ABSTRACT: The East Coast Basin, New Zealand: Petroleum systems and exploration
Francis, Dave , Geological Research Ltd, Lower Hutt, New Zealand
Sixty-two wells have been drilled in the 75,000 sq. km East Coast Basin of New Zealand, of which over half were before 1940, one third were on seismically defined structures, and two were offshore. There have been two discoveries: oil in 1886 and gas in 1998. Forty-seven wells had gas or oil shows.
The basin includes up to 7000 m of active convergent margin Miocene-Pliocene-Pleistocene, 2000 m of passive margin Maastrichtian-Oligocene, and up to 5000 m of older Cretaceous active margin sediments.
There are at least 4 different good to excellent marine thermogenic source units in the passive margin sequence, with thermogenic petroleum generated in parts of the basin as long ago as Early Miocene. Elsewhere some source rocks are immature in outcrop. Widespread oil and gas seeps clearly demonstrate thermal maturity.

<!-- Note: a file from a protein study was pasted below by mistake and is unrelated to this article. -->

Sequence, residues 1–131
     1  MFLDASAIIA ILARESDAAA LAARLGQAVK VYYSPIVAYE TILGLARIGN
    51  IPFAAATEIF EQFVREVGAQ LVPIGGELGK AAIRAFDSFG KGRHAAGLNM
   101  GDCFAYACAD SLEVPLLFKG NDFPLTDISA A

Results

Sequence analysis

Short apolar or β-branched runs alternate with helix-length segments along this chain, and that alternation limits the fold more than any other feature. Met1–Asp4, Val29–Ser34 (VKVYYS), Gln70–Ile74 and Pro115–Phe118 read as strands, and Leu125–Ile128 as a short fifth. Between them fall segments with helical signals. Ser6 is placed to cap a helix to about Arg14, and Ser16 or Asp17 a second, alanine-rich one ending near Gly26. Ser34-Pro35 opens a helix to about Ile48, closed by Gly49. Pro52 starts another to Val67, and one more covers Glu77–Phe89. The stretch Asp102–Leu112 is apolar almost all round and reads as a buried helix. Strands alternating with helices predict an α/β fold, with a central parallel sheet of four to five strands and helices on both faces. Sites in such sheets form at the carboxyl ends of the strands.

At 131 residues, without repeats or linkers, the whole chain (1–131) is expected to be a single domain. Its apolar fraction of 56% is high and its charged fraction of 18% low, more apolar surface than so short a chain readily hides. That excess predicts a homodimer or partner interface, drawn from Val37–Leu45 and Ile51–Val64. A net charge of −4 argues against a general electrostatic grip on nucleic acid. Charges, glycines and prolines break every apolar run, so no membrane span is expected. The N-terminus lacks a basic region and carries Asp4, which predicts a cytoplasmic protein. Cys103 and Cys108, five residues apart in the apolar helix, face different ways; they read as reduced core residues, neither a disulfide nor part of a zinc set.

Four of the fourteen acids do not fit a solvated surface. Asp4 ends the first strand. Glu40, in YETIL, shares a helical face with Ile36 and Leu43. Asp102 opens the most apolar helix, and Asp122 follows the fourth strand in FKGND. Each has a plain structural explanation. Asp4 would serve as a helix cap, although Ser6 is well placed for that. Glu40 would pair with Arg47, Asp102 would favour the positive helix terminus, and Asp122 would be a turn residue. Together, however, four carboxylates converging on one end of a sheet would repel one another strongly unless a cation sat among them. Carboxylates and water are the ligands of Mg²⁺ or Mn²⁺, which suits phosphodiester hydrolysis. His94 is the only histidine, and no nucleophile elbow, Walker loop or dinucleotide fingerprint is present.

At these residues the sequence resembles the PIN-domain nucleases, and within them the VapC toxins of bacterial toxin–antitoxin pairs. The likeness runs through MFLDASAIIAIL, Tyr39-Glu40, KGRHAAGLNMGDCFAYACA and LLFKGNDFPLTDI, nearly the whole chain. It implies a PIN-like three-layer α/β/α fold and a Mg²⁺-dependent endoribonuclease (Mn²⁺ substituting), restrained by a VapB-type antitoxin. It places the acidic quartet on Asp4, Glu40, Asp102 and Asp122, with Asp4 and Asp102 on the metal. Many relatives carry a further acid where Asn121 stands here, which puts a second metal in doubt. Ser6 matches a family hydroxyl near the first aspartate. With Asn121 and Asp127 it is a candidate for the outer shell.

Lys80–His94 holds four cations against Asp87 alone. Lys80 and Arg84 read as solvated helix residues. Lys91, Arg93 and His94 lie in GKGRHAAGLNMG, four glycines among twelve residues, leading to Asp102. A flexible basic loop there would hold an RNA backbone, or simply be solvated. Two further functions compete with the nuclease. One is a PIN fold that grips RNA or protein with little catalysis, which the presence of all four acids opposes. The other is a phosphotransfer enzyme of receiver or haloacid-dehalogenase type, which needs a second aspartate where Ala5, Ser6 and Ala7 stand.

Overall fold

Biogenic methane has been recognized, and occurs where fast subsidence allowed rapid accumulation of low-TOC shales during Pliocene and possibly Miocene.
Reservoirs include Pliocene coquina limestones and turbidites, Lower, Middle and Upper Miocene turbidites, shelf facies sandstones and fractured limestones, Paleocene-Eocene greensands, and fractured Paleocene shales. Seal formations are widespread stratigraphically and regionally.
Structuring in the transpressive convergent setting is well developed, with a range of structural styles visible in outcrop and seismic.
It is still early days for the East Coast Basin and the odds are good for further discoveries of both oil and gas.
AAPG Search and Discovery Article #90913©2000 AAPG International Conference and Exhibition, Bali, Indonesia